First results of the Lisa Pathfinder mission

The ESA’s LISA Pathfinder mission has already shown the technology required to build a gravitational wave observatory in space. This was the conclusion reached following the presentation of the mission’s results, which took place on 7 June in the European Space Astronomy Centre (ESAC) in Villanueva de la Cañada, Madrid.


Launched in December 2015, the satellite travelled to its operational orbit 1.5 million kilometres from the sun, where it started its scientific mission on 1 March 2016. After only two months of scientific operations, the results show that the two identical gold-platinum cubes housed in the spacecraft are in free fall, under the exclusive influence of gravity unaffected by external forces, with a precision more than five times better than that initially required.

The demonstration of the mission’s key technologies opens the door to the development of a large space observatory, capable of detecting gravitational waves emanating from a wide range of exotic objects in the Universe.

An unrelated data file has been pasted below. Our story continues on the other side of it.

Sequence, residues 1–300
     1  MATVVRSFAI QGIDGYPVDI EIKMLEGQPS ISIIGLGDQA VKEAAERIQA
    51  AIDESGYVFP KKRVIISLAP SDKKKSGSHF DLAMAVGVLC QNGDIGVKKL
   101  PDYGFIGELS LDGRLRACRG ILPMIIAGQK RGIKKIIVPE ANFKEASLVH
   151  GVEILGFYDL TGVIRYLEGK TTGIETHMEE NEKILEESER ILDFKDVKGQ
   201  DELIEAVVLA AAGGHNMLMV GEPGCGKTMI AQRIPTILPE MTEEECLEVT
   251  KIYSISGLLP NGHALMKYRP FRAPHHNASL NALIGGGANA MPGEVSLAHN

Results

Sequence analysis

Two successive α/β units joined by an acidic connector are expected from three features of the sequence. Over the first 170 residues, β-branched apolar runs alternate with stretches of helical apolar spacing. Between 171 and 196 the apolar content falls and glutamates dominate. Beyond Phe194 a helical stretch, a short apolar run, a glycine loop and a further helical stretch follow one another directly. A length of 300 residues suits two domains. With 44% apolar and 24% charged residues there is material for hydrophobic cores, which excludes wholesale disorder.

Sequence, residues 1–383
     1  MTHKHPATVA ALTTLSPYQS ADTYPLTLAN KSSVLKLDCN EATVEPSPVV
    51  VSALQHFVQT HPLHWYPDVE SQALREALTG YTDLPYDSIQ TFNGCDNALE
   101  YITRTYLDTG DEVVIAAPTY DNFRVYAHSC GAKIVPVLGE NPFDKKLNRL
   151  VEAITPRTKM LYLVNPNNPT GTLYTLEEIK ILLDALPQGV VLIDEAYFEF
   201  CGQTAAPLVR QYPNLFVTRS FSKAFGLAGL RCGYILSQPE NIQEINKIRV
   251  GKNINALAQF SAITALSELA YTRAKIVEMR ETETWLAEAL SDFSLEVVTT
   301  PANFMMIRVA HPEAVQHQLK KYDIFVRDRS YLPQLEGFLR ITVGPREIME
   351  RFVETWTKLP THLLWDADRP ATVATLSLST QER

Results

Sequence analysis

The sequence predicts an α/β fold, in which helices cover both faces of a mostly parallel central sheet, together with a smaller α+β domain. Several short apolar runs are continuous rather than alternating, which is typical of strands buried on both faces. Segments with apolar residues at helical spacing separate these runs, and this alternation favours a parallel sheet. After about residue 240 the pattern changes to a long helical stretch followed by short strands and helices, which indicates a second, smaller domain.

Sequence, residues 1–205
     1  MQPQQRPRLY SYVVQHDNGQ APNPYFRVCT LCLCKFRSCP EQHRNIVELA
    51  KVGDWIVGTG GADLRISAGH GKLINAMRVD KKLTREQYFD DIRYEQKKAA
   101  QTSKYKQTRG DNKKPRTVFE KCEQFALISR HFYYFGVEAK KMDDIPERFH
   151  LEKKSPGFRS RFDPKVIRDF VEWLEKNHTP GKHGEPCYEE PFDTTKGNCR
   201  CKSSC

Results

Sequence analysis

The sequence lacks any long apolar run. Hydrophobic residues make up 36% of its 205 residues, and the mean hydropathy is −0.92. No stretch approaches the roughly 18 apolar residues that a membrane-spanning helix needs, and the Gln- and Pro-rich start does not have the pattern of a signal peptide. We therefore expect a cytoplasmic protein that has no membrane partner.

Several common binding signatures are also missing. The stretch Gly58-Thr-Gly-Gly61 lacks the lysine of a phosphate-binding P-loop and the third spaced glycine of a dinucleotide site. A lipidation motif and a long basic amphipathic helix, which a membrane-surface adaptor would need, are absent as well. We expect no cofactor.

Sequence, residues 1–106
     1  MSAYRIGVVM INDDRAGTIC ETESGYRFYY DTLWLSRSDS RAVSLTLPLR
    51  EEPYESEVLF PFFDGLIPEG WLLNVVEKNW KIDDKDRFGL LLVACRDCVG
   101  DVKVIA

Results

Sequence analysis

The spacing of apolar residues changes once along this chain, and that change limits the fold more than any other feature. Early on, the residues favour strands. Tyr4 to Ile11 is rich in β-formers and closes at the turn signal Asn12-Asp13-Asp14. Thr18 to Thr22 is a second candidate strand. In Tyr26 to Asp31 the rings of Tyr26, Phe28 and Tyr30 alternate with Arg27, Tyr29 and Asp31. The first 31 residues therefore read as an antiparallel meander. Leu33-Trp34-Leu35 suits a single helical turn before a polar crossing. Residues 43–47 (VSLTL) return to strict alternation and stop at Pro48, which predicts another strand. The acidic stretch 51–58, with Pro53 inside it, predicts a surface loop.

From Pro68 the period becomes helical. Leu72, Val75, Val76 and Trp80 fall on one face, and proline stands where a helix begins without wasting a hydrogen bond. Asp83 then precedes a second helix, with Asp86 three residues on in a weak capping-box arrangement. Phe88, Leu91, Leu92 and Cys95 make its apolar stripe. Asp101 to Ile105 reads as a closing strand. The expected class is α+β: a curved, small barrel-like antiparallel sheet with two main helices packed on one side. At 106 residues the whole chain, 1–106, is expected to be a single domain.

These waves, whose existence Albert Einstein predicted a century ago, are oscillations in the fabric of spacetime that move at the speed of light. They were directly detected for the first time by the Laser Interferometer Gravitational-Wave Observatory (LIGO) in September 2015.

GMV has been a significant participant in the industrial consortium led by Airbus Defence & Space Ltd, to whom the mission was entrusted. Among the activities developed by GMV, it is worth highlighting its responsibility for validation of the software of the mission payload or LTP (LISA Technology Package); support to the analysis of the mission and orbit control of the European Space Operations Centre (ESOC); and support to the management of scientific data from the European Space Astronomy Centre (ESAC).